Opened 4 years ago

Last modified 12 months ago

#10967 new Tasks

Timed wait points inconsistently convert relative to absolute waits

Reported by: Niall Douglas Owned by: Niall Douglas
Milestone: To Be Determined Component: thread
Version: Boost 1.57.0 Severity: Problem
Keywords: Cc:

Description

Possibly related: #6787

Stepping through the Boost.Thread win32 implementation, interruptible_wait() and non_interruptible_wait() are capable of accepting both relative and absolute timeouts. However condition_variable and thread join are always implemented as absolute timeouts, while thread sleep is always implemented as relative timeouts. I also see that timed mutex always converts absolute to relative too on win32.

These all should be fixed to correctly use either relative or absolute timeouts as requested by the user, firstly at the upper layers where necessary. Then all waits on Windows always need to go via interruptible_wait() or non_interruptible_wait() as appropriate as these implement the proper calls on Windows for absolute deadline timers when absolute timeouts are requested.

Change History (11)

comment:1 Changed 4 years ago by viboes

Owner: changed from Anthony Williams to viboes
Status: newassigned

Thanks for pointing out this incoherency. I will check this asap.

comment:2 Changed 4 years ago by viboes

I've created a branch to fix this issue

https://github.com/boostorg/thread/tree/fix/10967_inconsistent_abs_rel_time

Niall, I'm unable to check it. Would you like that I commit some changes I think that could be done, or do you prefer I post them here?

comment:3 Changed 4 years ago by viboes

E.g. it would be better to rename do_try_join_until to do_try_join_for. This would not fix anything, but it will make things clearer.

diff --git a/include/boost/thread/detail/thread.hpp b/include/boost/thread/detail/thread.hpp
index b80eacf..2774eb0 100644
--- a/include/boost/thread/detail/thread.hpp
+++ b/include/boost/thread/detail/thread.hpp
@@ -472,7 +472,7 @@ namespace boost
         bool try_join_for(const chrono::duration<Rep, Period>& rel_time)
         {
           chrono::milliseconds rel_time2= chrono::ceil<chrono::milliseconds>(rel_time);
-          return do_try_join_until(rel_time2.count());
+          return do_try_join_for(rel_time2.count());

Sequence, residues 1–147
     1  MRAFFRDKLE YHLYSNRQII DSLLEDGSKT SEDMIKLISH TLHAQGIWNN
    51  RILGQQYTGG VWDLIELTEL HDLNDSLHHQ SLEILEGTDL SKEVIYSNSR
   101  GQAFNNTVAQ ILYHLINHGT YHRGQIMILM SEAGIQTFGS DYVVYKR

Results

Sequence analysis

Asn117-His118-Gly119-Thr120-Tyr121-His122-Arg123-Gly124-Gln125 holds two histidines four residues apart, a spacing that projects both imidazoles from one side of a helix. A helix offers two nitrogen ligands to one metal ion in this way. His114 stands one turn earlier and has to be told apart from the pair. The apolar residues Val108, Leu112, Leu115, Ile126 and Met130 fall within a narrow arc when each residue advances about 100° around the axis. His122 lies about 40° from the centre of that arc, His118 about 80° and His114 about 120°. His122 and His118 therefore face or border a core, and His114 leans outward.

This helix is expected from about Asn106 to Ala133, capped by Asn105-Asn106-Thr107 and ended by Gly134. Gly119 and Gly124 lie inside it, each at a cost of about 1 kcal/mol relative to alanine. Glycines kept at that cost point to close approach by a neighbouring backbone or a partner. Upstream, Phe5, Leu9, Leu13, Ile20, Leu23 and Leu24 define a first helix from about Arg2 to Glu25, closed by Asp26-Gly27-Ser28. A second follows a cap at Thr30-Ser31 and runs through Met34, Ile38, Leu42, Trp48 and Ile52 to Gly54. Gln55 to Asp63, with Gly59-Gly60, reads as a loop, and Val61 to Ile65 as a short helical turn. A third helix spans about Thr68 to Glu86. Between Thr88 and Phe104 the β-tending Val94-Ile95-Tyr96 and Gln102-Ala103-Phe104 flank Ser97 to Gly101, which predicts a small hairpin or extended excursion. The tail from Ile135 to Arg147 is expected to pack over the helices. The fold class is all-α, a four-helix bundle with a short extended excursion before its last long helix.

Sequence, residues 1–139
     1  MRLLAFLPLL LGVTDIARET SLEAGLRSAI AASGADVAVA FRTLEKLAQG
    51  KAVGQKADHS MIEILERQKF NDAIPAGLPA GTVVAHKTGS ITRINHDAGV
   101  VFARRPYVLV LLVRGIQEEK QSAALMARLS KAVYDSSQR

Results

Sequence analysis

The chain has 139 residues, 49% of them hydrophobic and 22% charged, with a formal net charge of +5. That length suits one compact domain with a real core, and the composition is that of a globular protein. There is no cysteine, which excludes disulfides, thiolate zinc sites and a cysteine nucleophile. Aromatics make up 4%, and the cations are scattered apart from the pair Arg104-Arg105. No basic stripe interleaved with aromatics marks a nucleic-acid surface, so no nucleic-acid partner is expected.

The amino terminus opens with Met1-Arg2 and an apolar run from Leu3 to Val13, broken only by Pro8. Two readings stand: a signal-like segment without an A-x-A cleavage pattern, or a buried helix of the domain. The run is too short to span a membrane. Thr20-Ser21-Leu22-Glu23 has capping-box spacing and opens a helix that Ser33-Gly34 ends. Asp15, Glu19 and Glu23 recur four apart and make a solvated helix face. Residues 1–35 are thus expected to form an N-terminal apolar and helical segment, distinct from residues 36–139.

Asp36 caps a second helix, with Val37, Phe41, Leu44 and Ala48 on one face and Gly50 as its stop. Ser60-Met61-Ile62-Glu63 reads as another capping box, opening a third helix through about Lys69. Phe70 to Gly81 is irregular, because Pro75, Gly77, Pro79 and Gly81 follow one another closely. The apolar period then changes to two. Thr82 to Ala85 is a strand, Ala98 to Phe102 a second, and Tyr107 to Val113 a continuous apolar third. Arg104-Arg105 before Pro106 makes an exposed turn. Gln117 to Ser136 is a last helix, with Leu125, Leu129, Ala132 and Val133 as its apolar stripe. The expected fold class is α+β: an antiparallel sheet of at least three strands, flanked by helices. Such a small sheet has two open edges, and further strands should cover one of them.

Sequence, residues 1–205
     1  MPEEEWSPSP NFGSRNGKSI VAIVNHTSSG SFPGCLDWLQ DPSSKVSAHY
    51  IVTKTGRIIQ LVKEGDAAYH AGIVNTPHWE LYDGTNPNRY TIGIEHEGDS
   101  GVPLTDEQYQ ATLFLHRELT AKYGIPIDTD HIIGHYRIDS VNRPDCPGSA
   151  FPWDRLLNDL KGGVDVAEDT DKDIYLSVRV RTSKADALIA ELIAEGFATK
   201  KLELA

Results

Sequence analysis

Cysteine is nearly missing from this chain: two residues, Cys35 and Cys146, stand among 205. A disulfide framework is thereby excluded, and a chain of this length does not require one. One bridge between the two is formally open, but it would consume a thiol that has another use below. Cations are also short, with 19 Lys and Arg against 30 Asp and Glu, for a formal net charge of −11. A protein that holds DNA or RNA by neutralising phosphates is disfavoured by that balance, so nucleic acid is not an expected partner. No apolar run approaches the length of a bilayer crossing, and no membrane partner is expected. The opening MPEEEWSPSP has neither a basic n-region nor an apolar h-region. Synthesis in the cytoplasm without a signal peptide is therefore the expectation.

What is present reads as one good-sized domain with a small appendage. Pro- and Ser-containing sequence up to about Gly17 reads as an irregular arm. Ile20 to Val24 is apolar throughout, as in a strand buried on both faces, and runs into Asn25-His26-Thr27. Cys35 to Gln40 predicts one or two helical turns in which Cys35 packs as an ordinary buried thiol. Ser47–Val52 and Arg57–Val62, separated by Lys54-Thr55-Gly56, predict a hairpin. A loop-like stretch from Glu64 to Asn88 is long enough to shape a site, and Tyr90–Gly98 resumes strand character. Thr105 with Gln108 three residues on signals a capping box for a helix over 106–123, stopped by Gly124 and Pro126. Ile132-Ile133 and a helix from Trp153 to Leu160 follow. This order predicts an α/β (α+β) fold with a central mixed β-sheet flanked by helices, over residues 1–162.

}
 #else
         template <class Rep, class Period>
@@ -504,19 +504,16 @@ namespace boost
 #endif
 #if defined(BOOST_THREAD_PLATFORM_WIN32)
     private:
-        bool do_try_join_until_noexcept(uintmax_t milli, bool& res);
-        inline bool do_try_join_until(uintmax_t milli);
+        bool do_try_join_for_noexcept(uintmax_t milli, bool& res);
+        inline bool do_try_join_for(uintmax_t milli);
     public:
         bool timed_join(const system_time& abs_time);
-        //{
-        //  return do_try_join_until(get_milliseconds_until(wait_until));
-        //}
 
 #ifdef BOOST_THREAD_USES_CHRONO
         bool try_join_until(const chrono::time_point<chrono::system_clock, chrono::nanoseconds>& tp)
         {
           chrono::milliseconds rel_time= chrono::ceil<chrono::milliseconds>(tp-chrono::system_clock::now());
-          return do_try_join_until(rel_time.count());
+          return do_try_join_for(rel_time.count());
         }
 #endif
 
@@ -769,9 +766,6 @@ namespace boost
 
 #ifdef BOOST_THREAD_PLATFORM_PTHREAD
     bool thread::do_try_join_until(struct timespec const &timeout)
-#else
-    bool thread::do_try_join_until(uintmax_t timeout)
-#endif
     {
         if (this_thread::get_id() == get_id())
           boost::throw_exception(thread_resource_error(static_cast<int>(system::errc::resource_deadlock_would_occur), "boost thread: trying joining itself"));
@@ -788,6 +782,25 @@ namespace boost
           );
         }
     }
+#else
+    bool thread::do_try_join_for(uintmax_t timeout)
+    {
+        if (this_thread::get_id() == get_id())
+          boost::throw_exception(thread_resource_error(static_cast<int>(system::errc::resource_deadlock_would_occur), "boost thread: trying joining itself"));
+        bool res;
+        if (do_try_join_for_noexcept(timeout, res))